//Mike Strong
Mike Strong2019-02-08T03:34:42+00:00

Project Description

Mike Strong

Yelm HS, Bellevue Christian HS, Samammish HS, Cal Berkley, Seattle Pacific University
Hall of Fame Class of 2019

Mike Strong shares with people that his coaching career chose him rather than he chose it. In 1969, he worked for the Mercer Island Park Department in the area of recreation. His job allowed him to work with kids by involving them in activities. In the summer of that first year, there were three young girls aged twelve who were very athletic and would show up at the park wanting to be involved in some high end athletics. Mike began to focus on how he could help them find a place where they could be competitive settling on the sport of track & field due to their interest in running, throwing and jumping. He helped them find a team in Renton where they attended summer practices. In the fall of 1970, those three girls were joined by thirty other girls and the Gazelle Track Club was formed. This marked the beginning of Mike Strong’s coaching career in track & field.

In the beginning, Mike started a grade school track meet for all the grade school teams on Mercer Island and today that meet still runs. While attending Bellevue Community College at this time, track and field became a strong interest. He began researching track and field information and, as he explains, “what happened from that point was some very good kids began to show up at his practices which motivated me to have more understanding to help them develop.” He attended Seattle University and changed his major to physical education.

After graduating from Seattle University, Mike got a job at Bellevue Christian where he coached cross country, basketball, and track where the girls won a state track title in 1975 and placed 2nd in 1976. After three years at Bellevue Christian, Coach Strong began working at remodeling homes in Seattle but he took a coaching job at Sammamish High School where he worked with Hall of Fame coach Roger Hansen. Coach Strong was a key figure in the development of women’s track and field. Two years after he began coaching at Sammamish, Mike began to think about coaching at Seattle University where he started the program there for women. He points out that, at the time, there were no quality programs in any sport for girls and he shared the belief with his coaching colleagues that it was imperative that girls have the same opportunities as boys. Knowing that the WIAA had not sanctioned the girls state championship meet held in Goldendale, he supported participation in that meet. After guiding one of his female athletes to a spot on the U.S. Juniors team in 1979, Mike was presented an opportunity to coach in college at New Mexico and he spent the next thirteen years as a college coach at several universities, including a three year period at Cal Berkeley.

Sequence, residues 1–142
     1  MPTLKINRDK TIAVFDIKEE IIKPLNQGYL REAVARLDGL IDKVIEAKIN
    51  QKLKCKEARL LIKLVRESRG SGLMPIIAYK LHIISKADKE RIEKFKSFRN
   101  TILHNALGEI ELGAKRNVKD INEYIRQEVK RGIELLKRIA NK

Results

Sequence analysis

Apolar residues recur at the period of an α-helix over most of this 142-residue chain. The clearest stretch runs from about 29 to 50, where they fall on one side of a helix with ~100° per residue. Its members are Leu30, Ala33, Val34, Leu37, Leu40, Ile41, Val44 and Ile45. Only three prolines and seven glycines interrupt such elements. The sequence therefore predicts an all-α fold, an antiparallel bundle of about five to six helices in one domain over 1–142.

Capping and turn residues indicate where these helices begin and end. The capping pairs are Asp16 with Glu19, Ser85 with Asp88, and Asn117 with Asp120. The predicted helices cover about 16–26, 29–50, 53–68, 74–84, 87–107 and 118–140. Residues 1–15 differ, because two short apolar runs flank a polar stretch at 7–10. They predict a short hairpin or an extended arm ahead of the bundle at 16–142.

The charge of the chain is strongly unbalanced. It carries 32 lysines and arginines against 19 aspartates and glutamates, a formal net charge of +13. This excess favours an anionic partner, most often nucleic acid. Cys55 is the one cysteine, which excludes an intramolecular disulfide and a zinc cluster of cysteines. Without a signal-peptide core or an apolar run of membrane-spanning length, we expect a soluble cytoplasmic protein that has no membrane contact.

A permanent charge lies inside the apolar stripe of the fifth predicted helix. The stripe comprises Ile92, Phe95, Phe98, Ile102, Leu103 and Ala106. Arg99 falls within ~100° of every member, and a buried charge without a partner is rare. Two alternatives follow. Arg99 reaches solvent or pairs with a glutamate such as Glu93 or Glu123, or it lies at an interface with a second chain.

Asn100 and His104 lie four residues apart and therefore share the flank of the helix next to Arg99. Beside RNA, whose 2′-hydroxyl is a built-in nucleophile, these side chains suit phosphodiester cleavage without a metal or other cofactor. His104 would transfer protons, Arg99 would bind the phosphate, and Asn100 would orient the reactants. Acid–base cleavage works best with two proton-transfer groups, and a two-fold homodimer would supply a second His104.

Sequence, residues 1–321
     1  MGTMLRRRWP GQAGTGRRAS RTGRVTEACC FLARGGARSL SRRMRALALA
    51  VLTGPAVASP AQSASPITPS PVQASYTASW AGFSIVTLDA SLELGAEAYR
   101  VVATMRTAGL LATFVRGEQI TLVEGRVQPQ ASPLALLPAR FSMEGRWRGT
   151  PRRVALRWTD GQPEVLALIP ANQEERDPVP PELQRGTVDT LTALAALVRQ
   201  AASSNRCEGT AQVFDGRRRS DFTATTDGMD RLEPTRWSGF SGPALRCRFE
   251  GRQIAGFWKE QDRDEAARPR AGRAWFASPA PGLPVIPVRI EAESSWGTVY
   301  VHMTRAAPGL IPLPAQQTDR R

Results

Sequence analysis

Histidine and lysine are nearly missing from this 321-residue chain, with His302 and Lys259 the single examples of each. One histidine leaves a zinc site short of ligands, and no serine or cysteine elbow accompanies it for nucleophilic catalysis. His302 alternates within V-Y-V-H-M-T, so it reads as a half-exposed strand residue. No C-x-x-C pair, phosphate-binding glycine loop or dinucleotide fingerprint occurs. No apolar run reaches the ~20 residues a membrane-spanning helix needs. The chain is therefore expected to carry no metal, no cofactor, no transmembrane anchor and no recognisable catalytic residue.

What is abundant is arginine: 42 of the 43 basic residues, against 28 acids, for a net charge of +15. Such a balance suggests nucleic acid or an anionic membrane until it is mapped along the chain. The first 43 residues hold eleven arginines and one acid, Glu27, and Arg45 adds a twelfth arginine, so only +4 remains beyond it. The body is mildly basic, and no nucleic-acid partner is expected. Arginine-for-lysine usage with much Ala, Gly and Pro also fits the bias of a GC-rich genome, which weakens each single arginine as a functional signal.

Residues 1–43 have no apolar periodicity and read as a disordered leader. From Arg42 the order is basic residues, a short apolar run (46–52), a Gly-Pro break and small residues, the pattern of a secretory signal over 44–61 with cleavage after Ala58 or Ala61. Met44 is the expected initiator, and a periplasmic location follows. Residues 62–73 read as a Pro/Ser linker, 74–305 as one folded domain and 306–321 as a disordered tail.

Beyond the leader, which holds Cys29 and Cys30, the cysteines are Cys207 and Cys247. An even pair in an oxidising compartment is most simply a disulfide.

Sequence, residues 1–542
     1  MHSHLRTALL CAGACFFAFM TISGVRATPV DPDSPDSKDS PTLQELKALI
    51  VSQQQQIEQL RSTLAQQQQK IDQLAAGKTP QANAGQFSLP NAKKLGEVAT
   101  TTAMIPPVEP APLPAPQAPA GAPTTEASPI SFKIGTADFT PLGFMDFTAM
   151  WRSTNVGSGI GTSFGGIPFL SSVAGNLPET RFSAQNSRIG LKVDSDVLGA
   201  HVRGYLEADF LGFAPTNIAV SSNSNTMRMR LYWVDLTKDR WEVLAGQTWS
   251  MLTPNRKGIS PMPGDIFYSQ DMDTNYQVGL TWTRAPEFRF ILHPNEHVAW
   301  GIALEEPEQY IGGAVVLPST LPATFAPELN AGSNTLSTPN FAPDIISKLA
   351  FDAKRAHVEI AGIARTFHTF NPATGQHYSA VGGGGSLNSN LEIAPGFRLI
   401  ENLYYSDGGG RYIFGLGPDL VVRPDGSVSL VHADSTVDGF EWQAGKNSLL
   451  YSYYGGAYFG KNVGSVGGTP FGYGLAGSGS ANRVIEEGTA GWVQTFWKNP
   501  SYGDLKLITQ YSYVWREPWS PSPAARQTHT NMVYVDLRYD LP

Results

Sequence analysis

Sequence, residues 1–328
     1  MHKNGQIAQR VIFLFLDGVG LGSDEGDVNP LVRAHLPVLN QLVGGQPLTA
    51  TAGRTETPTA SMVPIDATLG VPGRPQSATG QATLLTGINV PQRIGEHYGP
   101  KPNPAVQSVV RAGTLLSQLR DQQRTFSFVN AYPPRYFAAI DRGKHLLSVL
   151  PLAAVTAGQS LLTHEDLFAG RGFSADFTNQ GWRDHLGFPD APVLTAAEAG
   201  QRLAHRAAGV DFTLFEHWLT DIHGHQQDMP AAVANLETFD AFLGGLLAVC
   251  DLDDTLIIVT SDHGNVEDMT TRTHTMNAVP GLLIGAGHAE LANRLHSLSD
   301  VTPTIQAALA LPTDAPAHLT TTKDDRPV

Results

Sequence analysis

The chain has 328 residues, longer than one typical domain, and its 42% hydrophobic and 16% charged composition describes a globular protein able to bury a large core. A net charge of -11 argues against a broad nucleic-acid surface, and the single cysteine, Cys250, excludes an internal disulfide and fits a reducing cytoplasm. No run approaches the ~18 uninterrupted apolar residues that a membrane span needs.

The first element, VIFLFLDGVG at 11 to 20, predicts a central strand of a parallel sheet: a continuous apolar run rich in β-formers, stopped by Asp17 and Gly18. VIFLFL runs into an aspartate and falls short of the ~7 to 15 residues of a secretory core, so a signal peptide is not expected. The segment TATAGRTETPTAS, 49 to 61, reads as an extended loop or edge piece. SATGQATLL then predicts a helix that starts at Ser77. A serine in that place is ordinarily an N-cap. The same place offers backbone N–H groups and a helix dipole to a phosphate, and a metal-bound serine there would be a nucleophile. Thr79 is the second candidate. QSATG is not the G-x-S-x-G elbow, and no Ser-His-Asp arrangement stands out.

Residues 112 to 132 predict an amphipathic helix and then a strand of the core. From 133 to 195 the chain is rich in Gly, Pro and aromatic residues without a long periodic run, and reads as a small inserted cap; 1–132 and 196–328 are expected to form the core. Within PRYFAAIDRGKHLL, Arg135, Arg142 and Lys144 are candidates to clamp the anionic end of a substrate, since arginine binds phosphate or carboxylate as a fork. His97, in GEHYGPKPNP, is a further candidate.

Upon returning to Seattle with his wife, Mike was given an opportunity to be the coach at Yelm High School, a position he held for twenty-five years. In his time at Yelm, he guided teams to a state title and three 2nd place finishes. He coached numerous individual state champions and individual medal placers. He has mentored three athletes who went on to compete at the Olympic Trials.

His contributions to the sport extend beyond the high school season. He worked with Roger Hansen as the co-director of the State Decathlon and Heptathlon meet from 1993 to 2003, taking over as the director for seven years at Yelm before it moved to Lake Stevens. He has coached many kids in the summer, guiding several to the Junior Olympic Nationals. He started the Mountain Invitational in 2003 and guided that meet until 2014 which was also the year he retired from teaching at Yelm. He continued to coach at Yelm after his retirement. Today, he continues coaching at Capital.

The greatest impact one could argue Mike has had on the sport of track and field is found in the number of current high school and college coaches who he mentored and thus followed him into the coaching profession. There is no greater compliment than to have a person pursue coaching because of the coach they had serving as their inspiration! If you ask him, Coach Strong will point to his experience being mentored by Frank Ahern as an important experience. Coach Strong has paid it forward by becoming that mentor to so many himself. At the center of this great journey in a hall of fame career has been his marriage to his loving wife for more than forty years. It is a partnership that has brought him great joy and served as a strong foundation for him to be able to pursue his coaching passion. His tireless commitment to the sport, his important mentorship of his athletes, his mentorship of the many coaches he inspired who chose to follow in his footsteps, his important contributions to advocating for the sport, especially for young women, provide us with the opportunity to welcome him into the Washington State Track & Field Coaches Association Hall of Fame.